3. Using templates that aren’t mobile-friendly
The world is mobile now. When I check my emails in the morning, I’m checking from my phone, where I prefer to check my email.
Emails that aren’t mobile-friendly are probably raising your bounce rate exponentially due to poor user experience. Because it’s so easy to click away from something that’s unappealing, emails optimized for mobile should be an important step in the design process.
Apple’s iPhone is the most popular method for opening emails, with Gmail in second place. For some audiences, marketing emails that are stellar for mobile should take priority over emails for desktop, so the majority of readers don’t get turned away from desktop-friendly templates.
For businesses using email automation software, check the mobile previews as well as the desktop previews when drafting your email design. If the template being used interrupts comprehension or is just plain ugly on mobile, it might be a good idea to switch to something else.
4. Poor email design
We’ve talked a little about design, but it’s really imperative to take time designing emails that delight readers.
Emails lately have gotten snazzy. From animations to GIFs, and even embedded full-length videos, businesses are dipping their toes into exciting email marketing efforts to pull readers in.
Emails that have quick loading time, bold CTAs, and colorful visuals typically perform best. Consider this email I received recently from Adobe:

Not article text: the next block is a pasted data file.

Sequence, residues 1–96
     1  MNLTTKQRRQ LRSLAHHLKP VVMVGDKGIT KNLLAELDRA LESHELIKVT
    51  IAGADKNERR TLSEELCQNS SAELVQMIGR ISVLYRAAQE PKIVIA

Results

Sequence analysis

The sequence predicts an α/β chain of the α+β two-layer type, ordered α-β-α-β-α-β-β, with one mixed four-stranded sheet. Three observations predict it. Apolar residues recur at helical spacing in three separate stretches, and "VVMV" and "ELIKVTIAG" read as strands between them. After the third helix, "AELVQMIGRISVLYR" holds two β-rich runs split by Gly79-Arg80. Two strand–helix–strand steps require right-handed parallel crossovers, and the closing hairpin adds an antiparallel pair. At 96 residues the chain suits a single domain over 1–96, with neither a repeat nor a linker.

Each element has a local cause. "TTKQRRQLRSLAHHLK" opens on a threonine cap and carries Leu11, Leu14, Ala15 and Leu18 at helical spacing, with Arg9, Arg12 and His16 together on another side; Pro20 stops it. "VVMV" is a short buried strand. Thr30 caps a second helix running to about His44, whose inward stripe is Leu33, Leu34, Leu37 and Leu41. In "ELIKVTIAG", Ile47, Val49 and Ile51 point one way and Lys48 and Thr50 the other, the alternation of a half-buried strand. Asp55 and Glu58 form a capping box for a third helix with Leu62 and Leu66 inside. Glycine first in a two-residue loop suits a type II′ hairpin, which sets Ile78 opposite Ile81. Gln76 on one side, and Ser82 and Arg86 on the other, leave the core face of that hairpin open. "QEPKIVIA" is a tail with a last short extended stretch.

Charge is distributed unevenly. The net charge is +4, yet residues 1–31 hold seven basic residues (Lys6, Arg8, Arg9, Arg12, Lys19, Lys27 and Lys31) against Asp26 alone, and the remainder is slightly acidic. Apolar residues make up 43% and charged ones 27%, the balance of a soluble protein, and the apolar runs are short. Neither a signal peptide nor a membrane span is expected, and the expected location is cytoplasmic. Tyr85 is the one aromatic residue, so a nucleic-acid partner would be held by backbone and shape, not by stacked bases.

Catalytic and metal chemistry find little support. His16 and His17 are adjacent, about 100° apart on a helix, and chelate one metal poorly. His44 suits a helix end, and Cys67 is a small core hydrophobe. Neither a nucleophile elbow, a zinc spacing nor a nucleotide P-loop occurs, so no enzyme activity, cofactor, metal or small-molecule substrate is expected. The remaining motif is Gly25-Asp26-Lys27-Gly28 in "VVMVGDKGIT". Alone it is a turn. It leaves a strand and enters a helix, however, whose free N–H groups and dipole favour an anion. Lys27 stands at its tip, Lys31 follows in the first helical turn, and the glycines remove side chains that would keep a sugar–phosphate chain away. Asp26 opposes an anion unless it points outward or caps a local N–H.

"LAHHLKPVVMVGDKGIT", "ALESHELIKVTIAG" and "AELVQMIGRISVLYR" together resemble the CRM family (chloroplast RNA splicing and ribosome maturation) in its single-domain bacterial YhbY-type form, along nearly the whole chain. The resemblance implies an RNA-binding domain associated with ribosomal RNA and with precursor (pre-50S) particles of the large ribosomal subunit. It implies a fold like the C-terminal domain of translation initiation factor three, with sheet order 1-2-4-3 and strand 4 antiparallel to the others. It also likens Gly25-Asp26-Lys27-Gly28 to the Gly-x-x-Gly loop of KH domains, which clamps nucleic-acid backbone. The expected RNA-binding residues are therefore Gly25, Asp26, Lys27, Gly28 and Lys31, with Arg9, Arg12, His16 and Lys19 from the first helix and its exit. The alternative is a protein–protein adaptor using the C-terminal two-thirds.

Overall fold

There are ways to include helpful information in emails without sacrificing the user’s experience, and it’s all about using visuals
Think about it — an email newsletter with an emoji in the title, a beautiful infographic, and a couple of lines of exciting copy before an engaging CTA is exciting to look at and read.
An email newsletter with long paragraphs, the same-old template and a CTA that hasn’t changed in years are … less than exciting, and probably leave readers clicking out of that email in favor of something that is.
Here are some examples of how email campaigns are stepping up design. In a nutshell, think about how every email can visually tell a story as much as words.
5. Not strategically using metrics
Tracking metrics helps fill in the gaps when looking at where to improve with marketing efforts. They break down the behavior of email subscribers.
There’s been a lot of talk about metrics, and that’s because metrics drive results. They are the numbers behind the campaign. Metrics tell marketers a plethora of important details.
Metrics collect data on how many people are interacting with emails, when they are, who they are, and for how long. All of this information is important to know when planning because they lead to important marketing decisions.
For instance, let’s say a marketer who checks email marketing metrics regularly notices that the bounce rate is high, meaning that readers are opening emails but not engaging with them. This can stem from a variety of issues, but knowing the bounce rate tells the marketer what to focus on improving for the next marketing email.
Metrics save time by reporting on what’s working and what isn’t. To begin tracking metrics, consider what email software you use. Many have reporting and tracking built into their tools, as well as information about how that data is collected and interpreted.
Ultimately, the reasons you may not be seeing results is not because email marketing is dead — it’s because of how you’re email marketing. So, before you turn away from email marketing as a whole, think about ways you can beef up your strategy to compete.
This content was originally published here.